Monday, December 2, 2019

REVIEW: 'His Dark Materials' - Lyra Chases After a Ghost With Horrifying Repercussions for the Gyptians in 'The Lost Boy'

HBO's His Dark Materials - Episode 1.05 "The Lost Boy"

The alethiometer sends Lyra and Iorek on a new path, leading to a shocking but vital clue.

In 2018, there were 495 scripted shows airing amongst the linear channels and streaming services. The way people are consuming content now is so different than it used to be. It happens according to one's own schedule. As such, there is less necessity to provide ample coverage of each specific episode in any given season from a show. Moreover, it is simply impossible to watch everything. As such, this site is making the move to shorter episodic reviews in order to cover as many shows as possible. With all of that being said, here are my thoughts on the next episode of HBO's His Dark Materials.

"The Lost Boy" was written by Jack Thorne and directed by Otto Bathurst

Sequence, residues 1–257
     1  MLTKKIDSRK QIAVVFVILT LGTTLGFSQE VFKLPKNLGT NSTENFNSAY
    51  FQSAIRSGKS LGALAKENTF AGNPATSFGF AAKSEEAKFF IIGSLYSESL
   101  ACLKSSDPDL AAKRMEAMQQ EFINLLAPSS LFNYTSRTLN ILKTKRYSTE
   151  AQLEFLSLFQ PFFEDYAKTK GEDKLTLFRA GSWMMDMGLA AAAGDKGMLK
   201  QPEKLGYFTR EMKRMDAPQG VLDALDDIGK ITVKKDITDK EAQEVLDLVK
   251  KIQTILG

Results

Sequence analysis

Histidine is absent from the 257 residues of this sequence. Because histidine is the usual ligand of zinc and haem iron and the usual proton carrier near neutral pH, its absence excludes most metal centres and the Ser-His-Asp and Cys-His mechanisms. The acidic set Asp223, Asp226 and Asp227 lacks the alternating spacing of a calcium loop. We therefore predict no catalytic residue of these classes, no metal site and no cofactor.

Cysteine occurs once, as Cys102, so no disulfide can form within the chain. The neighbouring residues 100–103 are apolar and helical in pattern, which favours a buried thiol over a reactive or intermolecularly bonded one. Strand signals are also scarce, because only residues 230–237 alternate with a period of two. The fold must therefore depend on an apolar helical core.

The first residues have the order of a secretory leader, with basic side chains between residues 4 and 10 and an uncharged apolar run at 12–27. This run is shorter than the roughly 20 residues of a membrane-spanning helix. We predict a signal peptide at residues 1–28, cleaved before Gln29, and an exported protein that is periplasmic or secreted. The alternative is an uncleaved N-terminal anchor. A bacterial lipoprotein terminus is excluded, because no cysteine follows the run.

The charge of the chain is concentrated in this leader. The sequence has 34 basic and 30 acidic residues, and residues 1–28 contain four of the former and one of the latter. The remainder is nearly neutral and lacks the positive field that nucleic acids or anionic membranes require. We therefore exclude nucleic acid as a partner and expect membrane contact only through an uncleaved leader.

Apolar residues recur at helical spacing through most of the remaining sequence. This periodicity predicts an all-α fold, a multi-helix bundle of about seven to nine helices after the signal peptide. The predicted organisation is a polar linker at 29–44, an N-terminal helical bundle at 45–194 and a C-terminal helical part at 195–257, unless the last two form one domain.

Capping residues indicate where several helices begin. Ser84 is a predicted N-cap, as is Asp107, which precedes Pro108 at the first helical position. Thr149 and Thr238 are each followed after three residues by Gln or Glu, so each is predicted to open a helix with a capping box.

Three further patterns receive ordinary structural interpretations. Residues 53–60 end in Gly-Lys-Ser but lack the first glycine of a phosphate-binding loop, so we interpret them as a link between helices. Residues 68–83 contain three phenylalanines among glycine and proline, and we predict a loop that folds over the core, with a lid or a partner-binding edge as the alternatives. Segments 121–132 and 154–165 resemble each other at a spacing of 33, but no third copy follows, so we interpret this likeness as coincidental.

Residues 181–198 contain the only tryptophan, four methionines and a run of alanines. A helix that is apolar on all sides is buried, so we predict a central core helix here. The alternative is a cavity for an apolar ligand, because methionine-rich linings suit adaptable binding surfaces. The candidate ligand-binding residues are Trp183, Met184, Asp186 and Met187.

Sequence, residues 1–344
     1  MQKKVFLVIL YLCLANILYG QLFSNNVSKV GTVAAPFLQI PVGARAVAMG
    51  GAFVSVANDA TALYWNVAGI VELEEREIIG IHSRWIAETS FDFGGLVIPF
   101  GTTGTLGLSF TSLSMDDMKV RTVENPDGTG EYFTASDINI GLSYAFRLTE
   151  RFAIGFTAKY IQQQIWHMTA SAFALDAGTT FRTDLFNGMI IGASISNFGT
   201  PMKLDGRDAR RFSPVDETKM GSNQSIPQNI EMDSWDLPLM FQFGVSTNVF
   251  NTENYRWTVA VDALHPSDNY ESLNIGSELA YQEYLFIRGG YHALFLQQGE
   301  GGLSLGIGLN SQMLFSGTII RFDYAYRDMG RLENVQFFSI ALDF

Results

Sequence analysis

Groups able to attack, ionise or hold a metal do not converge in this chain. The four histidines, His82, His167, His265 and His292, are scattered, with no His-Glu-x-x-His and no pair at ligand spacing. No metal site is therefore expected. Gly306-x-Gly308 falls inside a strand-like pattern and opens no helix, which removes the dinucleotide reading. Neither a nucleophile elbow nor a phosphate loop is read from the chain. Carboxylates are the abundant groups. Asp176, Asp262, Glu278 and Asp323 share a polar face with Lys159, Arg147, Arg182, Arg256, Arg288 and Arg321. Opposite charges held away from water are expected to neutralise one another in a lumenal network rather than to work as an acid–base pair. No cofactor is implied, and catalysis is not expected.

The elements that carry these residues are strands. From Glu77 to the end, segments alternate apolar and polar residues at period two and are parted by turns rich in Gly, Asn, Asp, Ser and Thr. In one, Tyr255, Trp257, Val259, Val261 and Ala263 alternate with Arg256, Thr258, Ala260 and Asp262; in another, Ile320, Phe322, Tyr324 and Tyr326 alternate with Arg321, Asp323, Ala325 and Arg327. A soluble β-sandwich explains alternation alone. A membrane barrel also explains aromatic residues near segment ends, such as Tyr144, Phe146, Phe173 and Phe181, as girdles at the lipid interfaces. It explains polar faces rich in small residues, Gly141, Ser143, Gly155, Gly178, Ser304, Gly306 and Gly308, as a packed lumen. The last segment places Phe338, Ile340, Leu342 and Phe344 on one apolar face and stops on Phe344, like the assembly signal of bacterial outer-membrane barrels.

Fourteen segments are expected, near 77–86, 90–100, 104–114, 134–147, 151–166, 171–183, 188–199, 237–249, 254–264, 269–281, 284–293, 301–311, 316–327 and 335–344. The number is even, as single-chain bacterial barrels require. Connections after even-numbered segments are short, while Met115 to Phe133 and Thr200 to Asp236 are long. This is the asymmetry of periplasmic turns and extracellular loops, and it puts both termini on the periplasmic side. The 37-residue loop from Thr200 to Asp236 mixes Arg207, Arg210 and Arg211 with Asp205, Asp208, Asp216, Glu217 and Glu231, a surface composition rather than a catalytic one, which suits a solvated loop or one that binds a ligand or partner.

Everyone has quickly come to trust Lyra's ability to read the alethiometer. It's a skill she has proven skilled at. For a time, she didn't know how to read the truth as it was told to her. But now, she knows exactly how to do that. She may not always understand the journey she needs to take but she will embark on it nevertheless. She is brave in that way. Of course, it's also frustrating how the show continues to articulate that she is a crucial figure in a prophecy that probably won't come true if she knows about her significance in it. That is lame and presents as this abstract concept that defines so much of life in this specific world. The show also draws a clear line between her and newcomer Will Parry. He lives in a completely separate reality. It's one that closely mirrors our own. He happens to be the son of the man Carlo Boreal is trying to hunt down. That's his purpose this season. He already operates with the understanding that it's possible to travel to other worlds. Serafina also articulates that it's possible. There is worthy reason to finance Asriel's research and allow him to continue working out the science of it all. That too remains a vague concept. It's just important to note that he remains imprisoned by the armored bears. Iorek is skeptical about him ever escaping from that prison. However, he also proves his loyalty to Lyra. In fact, it's a little startling to see how strong the bonds now are between Lyra and this community of travelers. They have all gone on this mission together. It may end in a war with the Magisterium. That seems likely because of the lengths they are willing to go to continue wielding control over this world. Here, they present as a monstrous organization that is willing to conduct experiments on children just to see if it's possible to sever a human from their daemon. Those creatures have been seen as the physical embodiment of one's soul. Pan shows fear even when Lyra is trying to put on a brave face. She wants to present as being brave when on this mission. However, she doesn't know what she's going to find. Daemons can't travel far from their humans either. Witches have broken that barrier somehow. And yet, they are continually propped up on another level of reality. Farder Coram once had a close and intimate relationship with Serafina. Now, he needs her help once more. And yet, that may only serve as a reminder of what was lost a long time ago. That may forever be the consequence of life. The people who are left behind to survive do so bearing the weight and the guilt of past tragedies. Lyra understands that she must travel to this mysterious town in search of a ghost. She doesn't know what any of that means. Iorek is willing to take her though. Once there, the show leans heavily into the horror influences to great effect. It truly is unclear what she will find. It's traumatizing when she comes across Billy's body. He is no longer connected to his daemon. He dies shortly after reuniting with his family. That is the true devastation awaiting the Gyptians if they do nothing. They have to stand united in order to fight back against these horrors being done to them. And yet, Lyra is taken with the same procedure about to be done to her. Again, that may just be an empty cliffhanger to prop up a sense of tension moving forward. She is too important for anything too traumatizing to happen to her now. But she is continually forced into being an independent spirit in this world. She has such great importance throughout this world that she doesn't always understand. Will does as well even though he is more concerned about taking care of his unwell mother at the moment. That's his sole mission. She is all that he cares about. Lyra is worried about Roger as well. She doesn't know what has happened to him. He may endure the same fate as Billy. There are still far too many missing children for anyone to stop the hunt now. But everyone may have to have complete trust in Lyra in order to be effective at anything they aspire to do. That may be difficult because they would be buying into a narrative that she herself doesn't comprehend. That's an unnecessary narrative hassle when it's much more enjoyable to see these characters interact and talk about the grand importance of their lives and individual missions.